Congrats to LA for landing one of the shuttles! However, I cannot understand why the eastern seaboard would be rewarded with the other three. The shuttles are a part of American history and you have left out the midstates in whole. Why would you not select a location like Chicago or Houston where you could reach a base of another 30-40 million Americans? And what does a space shuttle have to do with a US aircraft carrier in New York? Sorry, poor choice. New York and Washington are connected by high speed rail. No need for each to have a shuttle.

This is a travesty. After the Smithsonian, one shuttle should have gone to Kennedy Space Center and the other to Johnson Space Center. You cannot claim that Los Angeles has done more for the shuttle program than Houston.

It is an outrage that HOUSTON did not get a shuttle! Houston is the Space City! Mission Control is in Houston! What does New York or Los Angles have to do the U.S. Space program? Houston and Florida have the strongest ties to the shuttles and astronuts!

My father worked for Marquadrt in Van Nuys (they built micro thrusters for the Space Shuttles while in orbit). I remember as a kid seeing Young/Crippen land STS-2 at Edwards AFB. Now I can take my kids to the California Science Center and show them what Grandpa help build. I'm so happy our aerospace roots helped land this treasure.

Well Done!

Marquardt...sorry dad!

I'm with you, Keith. I live right down the street from Johnson Space Center, and people are shocked that a shuttle's not coming to Houston. How much sense does that make? Houston's Mission Control, for pete's sake!!! They should have gone to the Smithsonian, Florida, Houston, and California without question. New York? Huh????

It doesn't make sense that NY received a space shuttle, since that state had little to do with the development of space shuttles nor the launching and landing of the shuttles. But CA, especially Los Angeles deserved one given our deep ties to the shuttles - from their development all the way to their landings in our the desert. If Bush was still President, TX would have probably received a shuttle over NY.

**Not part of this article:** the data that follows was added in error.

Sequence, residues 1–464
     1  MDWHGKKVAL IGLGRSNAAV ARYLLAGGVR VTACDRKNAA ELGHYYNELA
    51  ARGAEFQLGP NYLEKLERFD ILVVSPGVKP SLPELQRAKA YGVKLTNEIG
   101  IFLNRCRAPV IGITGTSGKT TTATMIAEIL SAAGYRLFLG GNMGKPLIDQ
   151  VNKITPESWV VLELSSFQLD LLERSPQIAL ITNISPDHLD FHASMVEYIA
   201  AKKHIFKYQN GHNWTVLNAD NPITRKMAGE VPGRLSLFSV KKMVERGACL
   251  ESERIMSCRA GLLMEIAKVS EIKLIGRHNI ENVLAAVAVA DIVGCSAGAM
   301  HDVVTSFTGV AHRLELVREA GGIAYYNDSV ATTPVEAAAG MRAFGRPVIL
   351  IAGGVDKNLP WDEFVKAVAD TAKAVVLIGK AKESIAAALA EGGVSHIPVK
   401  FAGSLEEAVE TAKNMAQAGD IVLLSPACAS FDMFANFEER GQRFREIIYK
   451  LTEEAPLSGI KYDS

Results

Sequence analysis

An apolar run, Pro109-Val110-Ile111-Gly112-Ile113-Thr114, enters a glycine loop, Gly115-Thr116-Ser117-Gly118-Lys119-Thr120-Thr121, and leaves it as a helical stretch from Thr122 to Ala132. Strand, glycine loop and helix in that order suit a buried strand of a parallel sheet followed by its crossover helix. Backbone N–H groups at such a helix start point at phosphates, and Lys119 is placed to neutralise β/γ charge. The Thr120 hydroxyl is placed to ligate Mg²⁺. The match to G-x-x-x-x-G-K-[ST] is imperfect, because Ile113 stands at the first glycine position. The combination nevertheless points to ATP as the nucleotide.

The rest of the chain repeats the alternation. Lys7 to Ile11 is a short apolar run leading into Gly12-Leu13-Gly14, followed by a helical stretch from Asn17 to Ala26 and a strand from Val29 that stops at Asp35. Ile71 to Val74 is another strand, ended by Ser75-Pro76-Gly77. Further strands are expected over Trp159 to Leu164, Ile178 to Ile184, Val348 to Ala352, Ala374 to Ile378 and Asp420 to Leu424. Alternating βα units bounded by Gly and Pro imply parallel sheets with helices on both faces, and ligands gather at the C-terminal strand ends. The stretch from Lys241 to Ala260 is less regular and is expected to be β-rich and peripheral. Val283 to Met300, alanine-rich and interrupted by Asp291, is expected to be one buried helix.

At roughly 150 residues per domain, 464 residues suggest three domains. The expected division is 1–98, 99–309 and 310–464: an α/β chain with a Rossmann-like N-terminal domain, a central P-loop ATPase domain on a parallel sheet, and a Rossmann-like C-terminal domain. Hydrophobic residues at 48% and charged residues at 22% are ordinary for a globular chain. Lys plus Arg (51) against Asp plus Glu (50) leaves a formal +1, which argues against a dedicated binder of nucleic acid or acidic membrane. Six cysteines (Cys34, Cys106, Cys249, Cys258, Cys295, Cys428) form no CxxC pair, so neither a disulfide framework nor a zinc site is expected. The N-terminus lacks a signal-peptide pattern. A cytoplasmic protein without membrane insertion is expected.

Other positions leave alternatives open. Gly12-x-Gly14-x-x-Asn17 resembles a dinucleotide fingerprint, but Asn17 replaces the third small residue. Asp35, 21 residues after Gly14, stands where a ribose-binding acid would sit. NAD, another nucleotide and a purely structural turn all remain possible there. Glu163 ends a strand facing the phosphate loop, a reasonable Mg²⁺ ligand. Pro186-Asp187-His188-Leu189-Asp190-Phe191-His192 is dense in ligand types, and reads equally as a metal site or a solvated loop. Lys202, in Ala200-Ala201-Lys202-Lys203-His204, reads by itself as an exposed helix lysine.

uh, excuse me but...28 million dollars just to move the craft here?
Could'nt it land at Edwards Air Force base as the shuttle has done before? Does it really have to transported from across the coutry? C'mon every one? These are difficult economic times after all but you wouldnt know it by the cost estimate here?
It could take one all night run from Lancaster to Los Angeles to complete this journey could it not?

this is great news! if I get bored on campus, I can simply walk across exposition blvd to visit the space shuttle. I wonder how the museum going to house the shuttle.

I like the National Science Center in Leicester, UK, by Nicholas Grimshaw.

Yeah man, I was surprised that Houston didn't get one. New York doesn't seem right, even though they are just getting a tester. The Smithsonian is a little more understandable. I'm from Huntsville, AL and we have a full scale mock up of a shuttle that was used for measurements and what not back in the early days of the program.

Obama will turn the endeavour,and L.A, into dinosaurs .

Houston, we have a problem.

Los Angeles is very fortunate and lucky to have the Space Shuttle "Endeavour"
housed in the Calif. Science Center in Los Angeles. Heard many of those "Sonic Booms" when the "Endeavour" landed at Edwards Air Force Base. Was scared by the sound, but was always happy about the 'Endeavours" landing knowing that it was safe.